Stop TB Partnership Warns of A Tuberculosis Funding Crunch


In the Global Tuberculosis Report 2022, new data from the World Health Organization revealed that TB incidence increased in 2021 for the first time in nearly two decades and that fatalities subsequently rose too. The Stop TB Partnership expressed alarm over an increasingly terrible scenario and the effects it will have on individuals, health care systems, and economies as a result of this, which includes 4,400 people dying every day.

The Stop TB Partnership exhorts the global community to recognise the threat to public health posed by an airborne illness with drug-resistant strains that is increasing in mortality and frequency and to act right away by making the critical financial investments required to fight TB.

The number of new cases of TB per 100,000 people per year increased by 3.6% between 2020 and 2021, reversing annual decreases of roughly 2% for most of the previous two decades.

Throughout 2019 and 2021, the expected number of TB deaths climbed globally, reversing a 14-year reduction that occurred between 2005 and 2019. 1.6 million people died from TB in 2021, including 187, 000 HIV-positive individuals. From 2018 to 2021, 26.3 million patients received TB treatment. The 40 million targets for the period of 2018–2022, set at the UN High-Level Meeting on TB in 2018, are a far cry from the current figure.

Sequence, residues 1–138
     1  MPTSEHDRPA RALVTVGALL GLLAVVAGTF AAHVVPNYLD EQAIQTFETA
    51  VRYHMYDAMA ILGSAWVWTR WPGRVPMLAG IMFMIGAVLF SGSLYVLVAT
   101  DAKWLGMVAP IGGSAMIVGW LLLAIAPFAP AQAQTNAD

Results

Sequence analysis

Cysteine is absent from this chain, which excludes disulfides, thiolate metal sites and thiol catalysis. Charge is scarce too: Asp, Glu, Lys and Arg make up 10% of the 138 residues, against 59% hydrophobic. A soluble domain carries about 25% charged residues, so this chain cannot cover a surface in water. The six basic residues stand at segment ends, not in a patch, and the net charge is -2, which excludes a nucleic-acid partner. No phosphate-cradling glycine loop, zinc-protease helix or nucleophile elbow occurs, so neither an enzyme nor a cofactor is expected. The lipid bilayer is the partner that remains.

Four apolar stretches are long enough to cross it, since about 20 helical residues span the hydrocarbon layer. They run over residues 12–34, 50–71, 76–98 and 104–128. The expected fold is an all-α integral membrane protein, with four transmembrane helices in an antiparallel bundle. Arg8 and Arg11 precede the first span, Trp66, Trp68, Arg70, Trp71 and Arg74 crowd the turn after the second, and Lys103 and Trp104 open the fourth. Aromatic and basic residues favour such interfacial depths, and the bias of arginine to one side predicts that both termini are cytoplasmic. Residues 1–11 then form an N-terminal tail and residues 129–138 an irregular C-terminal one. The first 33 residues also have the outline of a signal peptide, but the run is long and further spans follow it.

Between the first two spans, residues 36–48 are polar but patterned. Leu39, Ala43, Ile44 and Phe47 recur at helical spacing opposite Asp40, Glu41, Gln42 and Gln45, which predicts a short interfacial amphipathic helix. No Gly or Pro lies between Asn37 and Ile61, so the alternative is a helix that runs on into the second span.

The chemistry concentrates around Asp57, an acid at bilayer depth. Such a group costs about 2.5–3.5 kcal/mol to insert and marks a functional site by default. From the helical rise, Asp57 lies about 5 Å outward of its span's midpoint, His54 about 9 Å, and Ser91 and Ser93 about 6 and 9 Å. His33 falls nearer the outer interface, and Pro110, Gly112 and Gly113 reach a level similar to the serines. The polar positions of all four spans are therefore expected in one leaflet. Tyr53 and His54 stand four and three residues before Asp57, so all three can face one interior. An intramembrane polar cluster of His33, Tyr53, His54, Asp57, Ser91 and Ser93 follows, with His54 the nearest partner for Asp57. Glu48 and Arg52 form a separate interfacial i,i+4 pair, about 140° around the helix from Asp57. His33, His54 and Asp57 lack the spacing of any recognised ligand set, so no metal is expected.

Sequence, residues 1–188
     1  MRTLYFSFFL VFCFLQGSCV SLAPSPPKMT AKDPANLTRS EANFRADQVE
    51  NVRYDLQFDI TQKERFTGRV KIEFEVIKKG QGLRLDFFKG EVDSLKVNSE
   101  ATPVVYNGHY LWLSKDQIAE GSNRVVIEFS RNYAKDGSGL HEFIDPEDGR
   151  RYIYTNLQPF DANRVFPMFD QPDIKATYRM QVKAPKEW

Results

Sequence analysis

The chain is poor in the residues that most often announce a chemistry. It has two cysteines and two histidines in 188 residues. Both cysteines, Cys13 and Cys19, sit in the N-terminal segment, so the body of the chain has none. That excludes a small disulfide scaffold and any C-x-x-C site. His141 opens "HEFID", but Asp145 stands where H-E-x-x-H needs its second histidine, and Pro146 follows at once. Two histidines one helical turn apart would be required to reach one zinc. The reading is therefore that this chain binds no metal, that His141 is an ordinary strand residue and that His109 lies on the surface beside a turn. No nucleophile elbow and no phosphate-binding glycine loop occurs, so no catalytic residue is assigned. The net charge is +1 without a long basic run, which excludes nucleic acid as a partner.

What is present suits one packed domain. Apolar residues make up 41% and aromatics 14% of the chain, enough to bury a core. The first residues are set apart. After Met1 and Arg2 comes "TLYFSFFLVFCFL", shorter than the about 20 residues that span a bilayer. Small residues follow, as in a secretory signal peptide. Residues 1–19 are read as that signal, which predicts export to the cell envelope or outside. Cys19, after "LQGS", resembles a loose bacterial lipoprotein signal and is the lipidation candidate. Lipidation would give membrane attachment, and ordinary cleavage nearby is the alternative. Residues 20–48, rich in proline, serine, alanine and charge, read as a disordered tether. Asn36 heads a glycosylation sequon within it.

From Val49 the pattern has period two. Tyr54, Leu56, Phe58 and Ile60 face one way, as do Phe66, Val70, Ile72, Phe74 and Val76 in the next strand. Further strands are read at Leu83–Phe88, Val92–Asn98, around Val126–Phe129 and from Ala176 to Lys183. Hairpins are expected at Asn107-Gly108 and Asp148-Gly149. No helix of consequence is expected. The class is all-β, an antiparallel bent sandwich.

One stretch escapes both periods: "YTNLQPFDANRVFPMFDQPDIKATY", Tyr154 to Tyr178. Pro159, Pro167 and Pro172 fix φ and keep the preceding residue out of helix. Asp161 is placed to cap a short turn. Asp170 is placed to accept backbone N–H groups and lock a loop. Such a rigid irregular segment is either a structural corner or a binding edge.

It has become very evident that people now have a very serious scenario on their hands with an airborne illness that is entirely disregarded, and which has been permitted to run uncontrolled over the past two years, said the executive director of the Stop TB Partnership, Dr. Lucica Ditiu. A higher risk of death has resulted from increased transmission and longer periods during which infections were undetected and untreated, which allowed tuberculosis to dwell and progress into more severe forms of the illness.

Every single person should be outraged and insist that their authorities and decision-makers take action right away because everyone is now at risk, she continued, and the World Health Organization study states this in black and white.

According to the most recent data in the report, TB is expected to overtake COVID-19 as the most lethal infectious disease worldwide. In actuality, this avoidable, treatable, and curable disease claims the lives of 4,400 people daily, or three people every minute.

The report did include some positive information. During the epidemic, TB treatment success rates remained stable, especially in Africa.